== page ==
The general structure of this website, as well as the texts, graphics, images, sounds and videos that comprise it, are the property of EDHEC-Risk Institute. Any representation and/or reproduction and/or exploitation of the content and services proposed by Investment Solutions, either partially or in full, by any process whatsoever, without prior written authorisation from EDHEC-Risk Institute is strictly forbidden and liable to constitute an infringement of articles L 335-2 et seq. of France’s Intellectual Property Code (Code de la propriété intellectuelle).
Any representation and/or reproduction and/or exploitation of EDHEC-Risk Institute’s trademarks, either partially or in full, in any manner whatsoever, is totally prohibited.
This website is designed for personal ends and not for commercial purposes.
EDHEC-Risk Institute may in no case be held liable for any form of direct or indirect loss, nor any other prejudice in any form whatsoever, resulting from the use of this section or the impossibility of using it for any reason whatsoever, whether such liability is or is not contractual, tortious or quasi-tortious or if founded on the principle of liability without fault or other, and even in the event that EDHEC-Risk Institute may have been warned of the eventuality of such loss or prejudice.
-EDHEC-Risk Institute may not be held liable for the use of the information available in this website; EDHEC-Risk Institute does not guarantee that the information is free from error; consequently, any use that users make of the information is done so at their own risk;
-none of the elements contained on the site constitute asset allocation advice, financial or investment advice or advice of any other nature;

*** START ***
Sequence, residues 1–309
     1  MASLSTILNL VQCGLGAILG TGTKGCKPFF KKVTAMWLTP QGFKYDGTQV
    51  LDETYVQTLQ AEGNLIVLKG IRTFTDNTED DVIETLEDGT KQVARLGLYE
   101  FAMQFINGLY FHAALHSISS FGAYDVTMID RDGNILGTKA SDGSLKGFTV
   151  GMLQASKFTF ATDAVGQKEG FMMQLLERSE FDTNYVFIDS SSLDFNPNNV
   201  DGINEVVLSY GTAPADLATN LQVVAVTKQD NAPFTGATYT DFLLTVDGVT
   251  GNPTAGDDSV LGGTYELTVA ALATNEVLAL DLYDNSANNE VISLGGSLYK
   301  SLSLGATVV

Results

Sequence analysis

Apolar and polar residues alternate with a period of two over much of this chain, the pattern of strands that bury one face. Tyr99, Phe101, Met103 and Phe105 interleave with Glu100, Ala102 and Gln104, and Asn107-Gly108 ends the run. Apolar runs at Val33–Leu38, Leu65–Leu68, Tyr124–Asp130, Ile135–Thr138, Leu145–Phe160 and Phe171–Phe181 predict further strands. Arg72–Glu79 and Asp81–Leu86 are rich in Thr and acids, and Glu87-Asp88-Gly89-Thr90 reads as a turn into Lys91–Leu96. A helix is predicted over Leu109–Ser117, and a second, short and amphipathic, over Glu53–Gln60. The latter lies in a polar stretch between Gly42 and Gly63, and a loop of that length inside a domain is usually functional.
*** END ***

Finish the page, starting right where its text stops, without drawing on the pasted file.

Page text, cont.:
-none of the indices on this site shall be used or referenced as a benchmark by any financial instrument, financial contract or investment fund where such use or reference falls within the scope of Regulation (EU) 2016/1011 of the European Parliament and of the Council of 8 June 2016 on indices used as benchmarks in financial instruments and financial contracts or to measure the performance of investment funds and amending Directives 2008/48/EC and 2014/17/EU and Regulation (EU) No 596/2014 and EDHEC-Risk Institute shall not be responsible for any such use or reference.
-the projections presented are based on simulations; past performances in no way guarantee future performances. The information provided may in no way be deemed to represent investment guarantees or investment-return guarantees.
This list is not limitative.
This tab may contain hypertext links to other sites on the internet. The links towards these other resources lead you to exit this site.
These links and sources of information are provided for users purely for informational purposes only. EDHEC-Risk Institute has no authority over the content of characteristics of these other resources and may in no case be held liable for their content or for any loss or prejudice that may result from their use.
Users must take the necessary precautions to ensure that the said resources do not contain any viruses or any other malicious elements.
The user hereby accepts the characteristics and limits of internet, and recognises in particular that:
EDHEC-Risk Institute does not assume any liability for the services accessible by internet and does not exercise any control in any form whatsoever over the type and characteristics of the data that might transit via its server centre.
The user recognises that the data circulating on internet is not protected, particularly against possible misappropriation. Communication of any information deemed by the user to be sensitive or confidential is done so at the user’s own risk and peril.
The user is solely liable for the use of data that he/she consults, searches and transfers on Internet.
The user recognises that EDHEC-Risk Institute does not possess any means of controlling the content of the accessible services
Both this site and its terms and conditions of use are governed by French law, wherever the place of use. In the event of any dispute, and after the failure of all attempts to find an amicable solution, the French courts of Lille shall be the sole ones competent to adjudicate such disputes.